45 ARAB, STF, Cirkulär, B03: 3, 15 July 1921; ARAB, STF, Inkomna skrivelser från Tobaksmonopolet, E03: 1, 30 July 1921.
46 ARAB, STF, Kongressprotokoll, A01, 1906.
47 There was some tension in 1920 when a syndicalist group was formed at a snuff factory in Stockholm. This group managed to gather around 30 workers and did not have any lasting impact.
Lindbom & Kuhm 1940, p 253. For the controversy between reformist and communist miners over hours-reductions, see Eriksson 1991, pp 230-232.
48 It is somewhat unclear whether this was in accordance with the statutes of the union. A discussion at the union congress in 1923 indicates that it was a matter of implicit practice rather than a formal right.
ARAB, STF, Kongressprotokoll, A01, 1923, p 14.
49 Here it ought to be noted that the union did not regard temporary layoffs as a form of short-time working.
If there was consensus regarding temporary hours-reductions in situations with shortage of work, there were different opinions about the treatment of part-time unemployed members. This issue became urgent during the autumn of 1921. First a proposal came from the Malmö branch, whose male members had been temporarily laid off during the summer, that the union leadership should start collecting money from branches all over the country to support the affected Malmö workers. This proposal was turned down by the union board without much discussion. It was deemed inappropriate that the board should take action for a particular group of workers when there may have been other members also affected by hours-reductions.50 Somewhat later the Stockholm branch proposed increasing the membership fee with the purpose of supporting those who were part-time unemployed.51 In reality this group mainly consisted of female cigar-cigarette workers. The proposal caused a lengthy discussion where some of the members of the executive committee were very sceptical. It was decided to postpone the issue, pending an inquiry into the opinions of the members around the country and about the present extent of part-time unemployment. Such an inquiry had been carried out before the executive committee met the next time on 1 December. Generally, the local branches were opposed to raising membership fees.52 All in all, slightly less than two fifths of the workers were affected by reductions in working hours, either in the form of temporary layoffs or shortened working days or weeks.53 After realizing how many members were affected by hours-reductions, the union leadership decided not to accept the proposal from the Stockholm branch. Contributing to this decision was probably the fear that demands for changed benefit rules could be followed by demands for retroactive compensation and the fact that the union leadership at this point had also been informed that all cigar factories were going to be closed from 14 December to 10 January. This measure affected 3,000 members and supporting all these for the one month during which the factories were going to be closed was deemed impossible.54 Another possible reason, although not explicitly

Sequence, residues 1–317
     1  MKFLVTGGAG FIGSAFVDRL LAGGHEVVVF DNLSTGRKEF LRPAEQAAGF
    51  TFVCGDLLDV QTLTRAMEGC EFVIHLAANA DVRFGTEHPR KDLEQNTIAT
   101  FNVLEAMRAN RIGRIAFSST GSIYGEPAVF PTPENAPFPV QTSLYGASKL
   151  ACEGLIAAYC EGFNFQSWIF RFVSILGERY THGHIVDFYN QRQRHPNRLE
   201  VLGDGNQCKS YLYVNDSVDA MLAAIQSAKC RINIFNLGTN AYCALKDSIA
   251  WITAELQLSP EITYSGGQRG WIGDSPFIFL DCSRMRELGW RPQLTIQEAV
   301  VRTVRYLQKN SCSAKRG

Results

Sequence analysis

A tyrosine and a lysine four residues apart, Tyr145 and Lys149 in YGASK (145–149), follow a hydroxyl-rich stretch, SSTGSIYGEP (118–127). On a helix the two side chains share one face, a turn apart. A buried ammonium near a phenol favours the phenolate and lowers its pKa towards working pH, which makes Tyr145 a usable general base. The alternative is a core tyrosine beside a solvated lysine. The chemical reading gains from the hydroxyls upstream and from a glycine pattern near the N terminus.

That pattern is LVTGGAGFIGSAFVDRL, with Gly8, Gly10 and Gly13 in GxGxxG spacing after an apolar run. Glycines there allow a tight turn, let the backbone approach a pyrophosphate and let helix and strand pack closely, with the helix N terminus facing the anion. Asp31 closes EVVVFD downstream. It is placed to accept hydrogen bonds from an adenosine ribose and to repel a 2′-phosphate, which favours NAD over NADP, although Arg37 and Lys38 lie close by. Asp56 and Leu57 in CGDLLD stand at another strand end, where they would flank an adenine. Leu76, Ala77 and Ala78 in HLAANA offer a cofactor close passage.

50 ARAB, STF, Styrelsens protokoll, A02: 5, 5 September 1921.
51 ARAB, STF, Cirkulär, B03: 3, 24 November 1921, B03: 3, STFs arkiv, ARAB.
52 ARAB, STF, Styrelsens protokoll, A02: 4, 1 December 1921.
53 ARAB, STF, Cirkulär, B03: 3, 8 December 1921, B03: 3, STFs arkiv, ARAB.
54 In normal years the unpaid vacation lasted from 22 December to 7 January. A temporary unemployment support was paid in order to compensate for some of the income loss caused by the extended closure. Male workers over 21 got 100 kronor and female workers in the same age group got 75 kronor. SM, STM, Styrelsens protokoll, 12 December 1921, Bilaga E. After demands from the union the management also decided to hand out extra support to workers with maintenance obligation;
20 kronor for a wife and 10 kronor for each additional family member that the worker is obliged to
stated, for rejecting the proposal to make part-time unemployed eligible for benefits may have been that such a move would have undermined the union’s attempts to get the company to compensate income losses associated with hours-reductions. If the company saw that the union was supporting its own members there would be no reason for the company to take such a responsibility.